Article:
Stagflation or Slowdown: We have pointed out for months that the “recovery” is losing steam and rising inflation is here to stay. Investors need to embrace a major market correction and/or a long-term sideways market movement. Commodities will likely increase and investors should reallocate around value more than growth stocks.

The U.S. calendar will be busy with more key data, supply, and events on tap. Trading will be light on Monday, however, with the Treasury market on holiday for Columbus Day. The Fed is also closed, though Wall Street will trade. This week’s data highlights include CPI and retail sales for September that are expected to show elevated prices and weaker sales. Indeed, severe supply chain bottlenecks and soaring prices for energy, cars, and other commodities into the final weeks of Q3 hobbled economic growth, and put the trajectory through Q4 at risk.

And these factors will present a major dilemma for the FOMC heading into the November meeting as it contemplates QE tapering. The markets will also monitor supply as $120 bln in 3-, 10-, and 30-year auctions are slated. Fedspeak is on tap too with 8 of the current voters scheduled. The minutes to the September 21-22 FOMC are due too. Another earnings season kicks off with the big banks.

September CPI (Wednesday) headlines and we expect a 0.3% increase overall and a 0.2% rise in the core, following respective August gains of 0.3% and 0.1%. Such figures would result in a 5.2% y/y headline pace, slowing fractionally from the prior 5.3% clip and just shy of the 13-year high of 5.4% in June and July. Core prices should hold steady at a 4.0% y/y clip, though slipping from the 29-year high of 4.5% in June. Widespread production bottlenecks are lifting all the inflation metrics this year. The Fed continues to interpret the inflation spike as “transitory.” However, the jury is still out whether commodity price pressure will abate much into year-end given that supply chain problems seem to be getting worse and could last well into 2022.

September retail sales (Friday) are projected to fall -0.3%, with a 0.2% ex-auto increase, softening measurably following respective August jumps of 0.7% and 1.8%. The weakening is expected to come from declining vehicle sales, due to lack of supply, along with a continued unwind of the lift from Q1 stimulus. Unit vehicle sales plunged -6.4% to a 17-month low of 12.2 mln as the ongoing semiconductor shortages and delayed unloading at ports weighed on production. Vehicle sales were at a 16-year high of 18.3 mln in April. Other economic reports this week include JOLTS (Tuesday), PPI (Thursday), along with trade prices, the Empire State manufacturing index, and consumer sentiment (all Friday).

Supply hits the bond market again this week with $120 bln in coupon auctions, including $58 bln in 3-year notes (Tuesday), $38 bln in reopened 10-year notes, and $24 bln in reopened 30-year bonds. They will provide interesting insight into the demand for Treasuries. Auction results over the last couple of months have shown good to decent buying thanks to safe-haven demand and a grab for yield.

The likelihood the Treasury cuts auction volumes with the November refunding may support ongoing demand too. And yields have cheapened significantly. The wi 3-, 10-, and 30-year rates extended higher on Friday, leaving the short note at 0.318%, the highest since March 2020. The 10-year note rose to 1.620%, with the bond at 2.170%. However, such yields may not be attractive enough considering the possibility of a Fed tapering next month, as well as another debt limit debacle and default threat redux into early December.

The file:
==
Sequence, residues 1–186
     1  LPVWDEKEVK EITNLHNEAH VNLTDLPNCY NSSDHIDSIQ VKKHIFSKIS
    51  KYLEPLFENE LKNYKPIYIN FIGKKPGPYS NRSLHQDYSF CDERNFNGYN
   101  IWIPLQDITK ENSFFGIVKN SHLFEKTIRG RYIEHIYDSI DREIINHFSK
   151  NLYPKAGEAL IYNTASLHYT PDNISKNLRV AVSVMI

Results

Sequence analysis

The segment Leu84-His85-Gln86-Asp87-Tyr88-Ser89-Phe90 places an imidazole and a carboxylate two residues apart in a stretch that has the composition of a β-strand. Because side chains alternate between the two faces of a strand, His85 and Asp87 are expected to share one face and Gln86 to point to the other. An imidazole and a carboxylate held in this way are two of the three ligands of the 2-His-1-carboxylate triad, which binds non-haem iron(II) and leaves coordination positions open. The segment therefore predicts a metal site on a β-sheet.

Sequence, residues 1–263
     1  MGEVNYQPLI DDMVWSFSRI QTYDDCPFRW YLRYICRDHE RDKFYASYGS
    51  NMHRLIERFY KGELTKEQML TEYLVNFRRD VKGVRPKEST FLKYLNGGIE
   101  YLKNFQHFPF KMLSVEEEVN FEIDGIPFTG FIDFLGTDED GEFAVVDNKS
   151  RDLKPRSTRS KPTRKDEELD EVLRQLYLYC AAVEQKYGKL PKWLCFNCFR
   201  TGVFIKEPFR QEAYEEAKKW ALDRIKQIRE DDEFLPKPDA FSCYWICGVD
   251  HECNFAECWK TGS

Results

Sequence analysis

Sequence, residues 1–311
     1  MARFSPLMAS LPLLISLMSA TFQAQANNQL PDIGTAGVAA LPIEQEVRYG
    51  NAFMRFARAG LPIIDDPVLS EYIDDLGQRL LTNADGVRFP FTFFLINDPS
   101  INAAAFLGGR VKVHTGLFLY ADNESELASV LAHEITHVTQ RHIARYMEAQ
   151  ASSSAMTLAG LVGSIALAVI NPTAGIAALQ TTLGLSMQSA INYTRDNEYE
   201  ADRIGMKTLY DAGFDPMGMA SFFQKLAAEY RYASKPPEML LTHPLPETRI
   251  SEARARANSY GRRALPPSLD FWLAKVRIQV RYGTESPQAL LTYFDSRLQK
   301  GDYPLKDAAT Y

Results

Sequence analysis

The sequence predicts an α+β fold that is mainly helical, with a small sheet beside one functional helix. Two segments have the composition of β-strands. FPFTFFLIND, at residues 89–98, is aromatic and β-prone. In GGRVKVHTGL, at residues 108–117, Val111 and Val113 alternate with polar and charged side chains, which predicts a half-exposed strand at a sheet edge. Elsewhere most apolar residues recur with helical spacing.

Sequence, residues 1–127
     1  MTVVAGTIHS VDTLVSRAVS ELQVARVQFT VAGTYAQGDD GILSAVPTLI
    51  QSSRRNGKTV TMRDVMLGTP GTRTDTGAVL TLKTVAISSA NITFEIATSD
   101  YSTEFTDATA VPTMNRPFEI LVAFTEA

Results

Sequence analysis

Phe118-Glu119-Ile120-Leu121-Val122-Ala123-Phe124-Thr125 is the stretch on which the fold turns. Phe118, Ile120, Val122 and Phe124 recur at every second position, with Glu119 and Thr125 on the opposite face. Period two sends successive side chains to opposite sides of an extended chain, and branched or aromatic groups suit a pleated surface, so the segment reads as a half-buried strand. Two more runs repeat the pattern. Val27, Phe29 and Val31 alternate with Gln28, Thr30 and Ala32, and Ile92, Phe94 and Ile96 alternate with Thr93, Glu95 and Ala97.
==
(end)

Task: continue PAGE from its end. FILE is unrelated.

Fedspeak will be closely monitored to further gauge QE tapering risks. As many as 8 current voters are on tap early in the week. Also, the FOMC minutes (Wednesday) to the September 21-22 meeting may shed some additional light too. The dovish Evans gives opening remarks at an awards ceremony (late Monday), though no comments on policy are expected. VC Clarida speaks at the IIF annual meeting (Tuesday). Bostic will also highlight (Tuesday) as he discusses inflation at the Peterson Institute.

He has supported the start of tapering this year. Barkin, a voter, is interviewed for in an NPR broadcast. Governor Brainard is at a Fed Listens event (Wednesday), while Governor Bowman (Wednesday) will speak on monetary policy and the economy. Bostic and Barkin are back up (Thursday), with the former taking part in a panel on inclusive growth, while the latter speaks at the Cornell Club. Daly, a voter (Thursday) speaks at a conference on small business. Harker, not a voter this year or 2022, will outline his thoughts on the economic outlook (Thursday). And importantly, Williams, takes part in a panel discussion on monetary policy in a Bank of France event (Friday). The BoE’s Bailey and the PBoC’s Yi Gang (Saturday) are on a panel on “Global Economy: Managing Uncertainty” at a G30 International Banking seminar.

Another earnings season is upon us. Fastenal starts the week Tuesday, but the focus will be on the big banks Wednesday with JP Morgan Chase, Goldman Sachs, BlackRock, and First Republic, along with Infosys, Progressive, Wipro, and Delta Airlines. UnitedHealth, Bank of America, Wells Fargo, Morgan Stanley, Citigroup, U.S. Bancorp, Walgreens Boots, and Domino’s Pizza follow Thursday, with J.B. Hunt, Prologis, PNC Financial, and Truist Financial on Friday.

Canada’s markets are closed Monday for the Thanksgiving holiday. A sparse calendar is on offer during the shortened week. The August manufacturing report (Thursday) is expected to reveal a 0.5% gain in shipment values after the -1.5% drop in July. Wholesale shipment values (Friday) are projected rebounding 0.5% in August following the -2.1% tumble in July. The existing home sales report for September is slated for Friday.